We then identified sibling caregivers of people with IDD if they met the following criteria: (a) they were either the head of household or the spouse or partner of the head of household; (b) they were 18 or older and did not have IDD themselves; (c) they were one of these types of siblings—a biological sibling, half-sister or -brother, stepsister or stepbrother, adoptive sibling, or “other” sibling of someone with IDD who lived in the household; and (d) the relevant sibling with IDD was not living with a spouse or partner (because we assumed that person was more likely to have caregiving responsibilities for the person with IDD). To identify these criteria, we merged data from the two relevant topical modules within each panel—one with information on disability and one with information on household composition and pairwise relationships among members. However, these modules were administered in separate waves that were one to two years apart. Thus, to ensure that we were focusing on consistent caregiving relationships, we added a fifth criterion that (e) the first four criteria had to be met during both waves. Due to partially limited information about spouse and partner relationships during the wave with disability questions, it is technically possible under rare circumstances that criterion (d) could be met in one wave but not the other without us knowing it. We assumed that this did not occur, given that it was highly unlikely.
Finally, we identified a comparison group of working-age adults who met the following criteria: (a) they were the head of household, (b) they were 18–64 years old, (c) no one in the household had IDD, and (d) criteria (a)–(c) were met during both waves. We limited the comparison group to households headed by 18–64-year-olds; but we did not employ an upper age cutoff for the sibling caregivers and those who did not include members with IDD. This was the case even if the head of household lived alone, which could not be the case for the sibling caregivers, because the comparison of interest was to the general working-age population, which includes single-person households and has a specific age range. In addition, we follow Nancy Folbre's (2001, 2008) characterization of caregiving as unpaid work, making this the most appropriate comparison group.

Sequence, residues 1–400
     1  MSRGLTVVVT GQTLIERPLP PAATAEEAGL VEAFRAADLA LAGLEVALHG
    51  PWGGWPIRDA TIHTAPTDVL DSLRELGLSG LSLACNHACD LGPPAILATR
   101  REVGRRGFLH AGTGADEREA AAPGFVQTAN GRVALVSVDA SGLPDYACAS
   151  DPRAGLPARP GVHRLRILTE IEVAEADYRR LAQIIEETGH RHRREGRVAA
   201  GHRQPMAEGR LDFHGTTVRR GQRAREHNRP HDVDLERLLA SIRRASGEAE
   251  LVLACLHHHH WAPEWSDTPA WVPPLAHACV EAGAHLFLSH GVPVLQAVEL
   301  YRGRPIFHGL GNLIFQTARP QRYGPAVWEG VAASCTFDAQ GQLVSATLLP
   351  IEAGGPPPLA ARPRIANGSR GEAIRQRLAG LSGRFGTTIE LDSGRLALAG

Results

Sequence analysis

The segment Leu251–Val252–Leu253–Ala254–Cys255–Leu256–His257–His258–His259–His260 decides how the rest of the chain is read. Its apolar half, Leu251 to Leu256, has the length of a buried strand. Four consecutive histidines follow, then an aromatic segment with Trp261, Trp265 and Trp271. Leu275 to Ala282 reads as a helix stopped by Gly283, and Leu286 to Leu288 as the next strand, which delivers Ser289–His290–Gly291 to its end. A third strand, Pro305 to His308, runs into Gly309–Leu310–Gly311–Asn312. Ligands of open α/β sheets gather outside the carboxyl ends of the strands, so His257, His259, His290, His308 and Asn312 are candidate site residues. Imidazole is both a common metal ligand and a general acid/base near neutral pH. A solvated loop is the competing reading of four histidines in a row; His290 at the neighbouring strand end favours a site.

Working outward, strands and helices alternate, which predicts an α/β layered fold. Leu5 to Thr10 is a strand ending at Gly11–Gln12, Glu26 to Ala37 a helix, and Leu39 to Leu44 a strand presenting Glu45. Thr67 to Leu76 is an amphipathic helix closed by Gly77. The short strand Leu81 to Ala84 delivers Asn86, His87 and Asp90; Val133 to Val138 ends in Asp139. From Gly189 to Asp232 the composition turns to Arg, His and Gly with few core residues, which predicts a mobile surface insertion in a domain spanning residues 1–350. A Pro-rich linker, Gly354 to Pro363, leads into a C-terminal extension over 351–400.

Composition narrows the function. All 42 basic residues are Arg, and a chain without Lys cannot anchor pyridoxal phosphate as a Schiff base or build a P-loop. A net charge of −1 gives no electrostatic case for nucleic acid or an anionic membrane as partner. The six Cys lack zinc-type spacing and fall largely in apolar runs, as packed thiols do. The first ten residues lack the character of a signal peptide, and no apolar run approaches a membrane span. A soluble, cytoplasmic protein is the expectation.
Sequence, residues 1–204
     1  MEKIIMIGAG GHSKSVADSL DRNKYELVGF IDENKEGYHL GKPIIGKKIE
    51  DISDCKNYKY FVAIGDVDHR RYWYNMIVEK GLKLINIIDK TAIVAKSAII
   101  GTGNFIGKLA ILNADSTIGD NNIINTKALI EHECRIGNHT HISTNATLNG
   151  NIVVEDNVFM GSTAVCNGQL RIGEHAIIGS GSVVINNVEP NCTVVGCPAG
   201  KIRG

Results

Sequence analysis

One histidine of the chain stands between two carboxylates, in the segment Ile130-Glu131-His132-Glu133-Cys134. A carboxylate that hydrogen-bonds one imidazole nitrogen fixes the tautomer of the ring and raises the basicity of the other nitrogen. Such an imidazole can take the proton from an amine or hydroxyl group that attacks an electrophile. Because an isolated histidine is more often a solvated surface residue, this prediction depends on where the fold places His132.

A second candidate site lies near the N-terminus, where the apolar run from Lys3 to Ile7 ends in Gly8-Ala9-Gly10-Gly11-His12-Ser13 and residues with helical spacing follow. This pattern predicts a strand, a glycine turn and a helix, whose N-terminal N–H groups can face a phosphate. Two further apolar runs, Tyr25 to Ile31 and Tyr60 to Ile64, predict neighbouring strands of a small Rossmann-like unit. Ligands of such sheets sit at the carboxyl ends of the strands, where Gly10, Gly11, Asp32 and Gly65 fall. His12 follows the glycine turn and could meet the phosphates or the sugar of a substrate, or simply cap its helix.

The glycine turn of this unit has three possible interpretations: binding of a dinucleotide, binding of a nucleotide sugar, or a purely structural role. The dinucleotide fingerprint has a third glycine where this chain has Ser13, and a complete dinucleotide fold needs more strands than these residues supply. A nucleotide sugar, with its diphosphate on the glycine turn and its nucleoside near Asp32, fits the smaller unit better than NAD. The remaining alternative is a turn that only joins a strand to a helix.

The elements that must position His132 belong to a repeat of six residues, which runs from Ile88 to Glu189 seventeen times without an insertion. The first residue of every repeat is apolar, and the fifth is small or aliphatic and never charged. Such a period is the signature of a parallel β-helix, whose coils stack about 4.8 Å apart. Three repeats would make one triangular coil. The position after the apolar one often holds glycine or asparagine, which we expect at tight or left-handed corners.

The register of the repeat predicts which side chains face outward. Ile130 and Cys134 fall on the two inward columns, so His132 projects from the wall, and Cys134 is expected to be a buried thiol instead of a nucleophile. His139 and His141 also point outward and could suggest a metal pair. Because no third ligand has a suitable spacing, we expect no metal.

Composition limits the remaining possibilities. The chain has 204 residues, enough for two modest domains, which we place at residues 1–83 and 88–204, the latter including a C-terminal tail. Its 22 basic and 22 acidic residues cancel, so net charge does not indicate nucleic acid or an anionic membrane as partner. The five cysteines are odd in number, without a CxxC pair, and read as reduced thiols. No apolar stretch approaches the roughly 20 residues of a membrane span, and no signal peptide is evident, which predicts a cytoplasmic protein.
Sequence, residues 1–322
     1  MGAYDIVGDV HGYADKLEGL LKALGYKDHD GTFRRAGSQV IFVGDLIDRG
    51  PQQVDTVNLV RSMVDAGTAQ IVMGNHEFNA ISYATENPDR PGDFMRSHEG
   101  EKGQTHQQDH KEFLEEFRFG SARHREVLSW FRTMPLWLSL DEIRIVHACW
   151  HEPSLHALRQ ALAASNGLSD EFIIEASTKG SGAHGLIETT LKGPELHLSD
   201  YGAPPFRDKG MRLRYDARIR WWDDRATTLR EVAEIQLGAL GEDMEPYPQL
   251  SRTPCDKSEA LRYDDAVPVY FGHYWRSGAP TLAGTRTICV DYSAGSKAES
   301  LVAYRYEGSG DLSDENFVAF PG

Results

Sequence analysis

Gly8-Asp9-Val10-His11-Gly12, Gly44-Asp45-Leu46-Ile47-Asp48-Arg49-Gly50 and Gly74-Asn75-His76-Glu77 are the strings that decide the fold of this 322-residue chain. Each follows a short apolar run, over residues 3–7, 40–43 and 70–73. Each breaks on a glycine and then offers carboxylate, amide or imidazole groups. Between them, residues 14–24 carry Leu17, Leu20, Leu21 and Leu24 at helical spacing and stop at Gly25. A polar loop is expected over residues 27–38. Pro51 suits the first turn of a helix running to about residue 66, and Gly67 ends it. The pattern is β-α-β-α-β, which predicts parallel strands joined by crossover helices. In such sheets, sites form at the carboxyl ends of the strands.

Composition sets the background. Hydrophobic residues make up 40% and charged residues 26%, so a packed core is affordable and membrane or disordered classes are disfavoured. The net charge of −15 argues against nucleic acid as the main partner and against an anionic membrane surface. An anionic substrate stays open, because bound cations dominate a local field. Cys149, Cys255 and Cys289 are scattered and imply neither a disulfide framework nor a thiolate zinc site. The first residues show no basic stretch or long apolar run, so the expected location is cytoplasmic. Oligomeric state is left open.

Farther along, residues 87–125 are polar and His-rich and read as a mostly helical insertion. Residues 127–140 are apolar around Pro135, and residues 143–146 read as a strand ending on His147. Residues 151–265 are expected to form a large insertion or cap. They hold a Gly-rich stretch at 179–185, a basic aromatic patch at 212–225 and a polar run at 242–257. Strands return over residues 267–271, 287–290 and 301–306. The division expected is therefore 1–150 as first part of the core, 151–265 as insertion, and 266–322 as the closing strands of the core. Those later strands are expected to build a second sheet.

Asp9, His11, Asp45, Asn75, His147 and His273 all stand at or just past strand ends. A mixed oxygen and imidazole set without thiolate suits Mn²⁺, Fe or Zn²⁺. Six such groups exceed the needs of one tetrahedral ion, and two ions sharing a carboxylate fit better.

To increase sample sizes, we combined observations from the 2001, 2004, and 2008 SIPP panels. The resulting sample identified 104 people meeting the sibling caregiver criteria in at least one wave; however, 26 people (25%) were excluded because they were not present or otherwise did not meet these criteria in both waves of a panel, resulting in a final sibling caregiver sample of 78 people. Similarly, 92,436 people met the working-age adult criteria in at least one wave, and 27,881 (30%) were excluded for not meeting the criteria in both waves, leaving a final working age adult sample of 64,555 people. Between the three panels, the total population of people who were consistently heads of households or sibling caregivers during both waves of interest was 86,953 (out of 118,642 who were heads in at least one wave). Using weights, these 86,953 people represented 101,607,060 U.S. households on average per panel year. The 78 sibling caregivers on average represented 81,103 (0.08%; SE: 0.01%) of these households and the 64,555 working-age adults on average represented 77,476,205 of the households (76.25%; SE: 0.19%).
There were 80 people with IDD receiving care from the sibling caregivers in the sample. They were about 4 years younger than their sibling caregivers on average (see Table 1 and Table 2), and about 60% were men (Table 1). Less than 10% had ever married or had had children (Table 1). About 15% had excellent or very good health, whereas 57% had fair or poor health, and only 43% of those 18 and older had earned at least a high school diploma or GED (Table 1).